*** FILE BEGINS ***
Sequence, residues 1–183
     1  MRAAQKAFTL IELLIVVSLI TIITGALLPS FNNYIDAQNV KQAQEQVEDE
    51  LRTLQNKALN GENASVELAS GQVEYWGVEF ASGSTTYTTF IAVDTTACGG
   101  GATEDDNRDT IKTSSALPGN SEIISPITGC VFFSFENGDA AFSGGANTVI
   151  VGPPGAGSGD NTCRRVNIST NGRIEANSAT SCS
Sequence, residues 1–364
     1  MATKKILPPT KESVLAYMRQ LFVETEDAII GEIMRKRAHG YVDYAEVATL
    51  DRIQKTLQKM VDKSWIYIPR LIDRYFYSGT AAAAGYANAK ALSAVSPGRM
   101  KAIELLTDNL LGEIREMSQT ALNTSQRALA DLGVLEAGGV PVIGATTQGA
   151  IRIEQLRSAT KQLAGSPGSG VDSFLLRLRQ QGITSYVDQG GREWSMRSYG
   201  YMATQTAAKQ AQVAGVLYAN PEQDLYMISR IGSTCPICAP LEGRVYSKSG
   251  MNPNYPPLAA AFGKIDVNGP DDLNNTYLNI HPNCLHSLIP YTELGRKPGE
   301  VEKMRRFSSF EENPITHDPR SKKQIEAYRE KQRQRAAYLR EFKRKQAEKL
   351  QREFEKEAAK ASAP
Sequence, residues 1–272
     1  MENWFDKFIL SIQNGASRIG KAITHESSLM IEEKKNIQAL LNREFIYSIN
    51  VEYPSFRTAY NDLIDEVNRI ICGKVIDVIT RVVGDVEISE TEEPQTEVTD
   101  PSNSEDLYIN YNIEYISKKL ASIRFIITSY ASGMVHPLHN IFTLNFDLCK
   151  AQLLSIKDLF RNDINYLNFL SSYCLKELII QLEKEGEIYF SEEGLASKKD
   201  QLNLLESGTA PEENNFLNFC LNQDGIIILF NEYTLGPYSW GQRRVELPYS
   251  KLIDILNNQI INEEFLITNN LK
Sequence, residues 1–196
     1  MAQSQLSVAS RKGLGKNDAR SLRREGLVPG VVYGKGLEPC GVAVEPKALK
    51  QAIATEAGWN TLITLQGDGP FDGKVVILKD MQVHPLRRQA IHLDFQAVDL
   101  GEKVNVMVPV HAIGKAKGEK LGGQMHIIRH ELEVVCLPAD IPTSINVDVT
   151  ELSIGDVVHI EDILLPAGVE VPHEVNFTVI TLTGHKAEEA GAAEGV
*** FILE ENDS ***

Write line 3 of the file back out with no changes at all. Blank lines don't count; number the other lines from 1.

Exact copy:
    51  LRTLQNKALN GENASVELAS GQVEYWGVEF ASGSTTYTTF IAVDTTACGG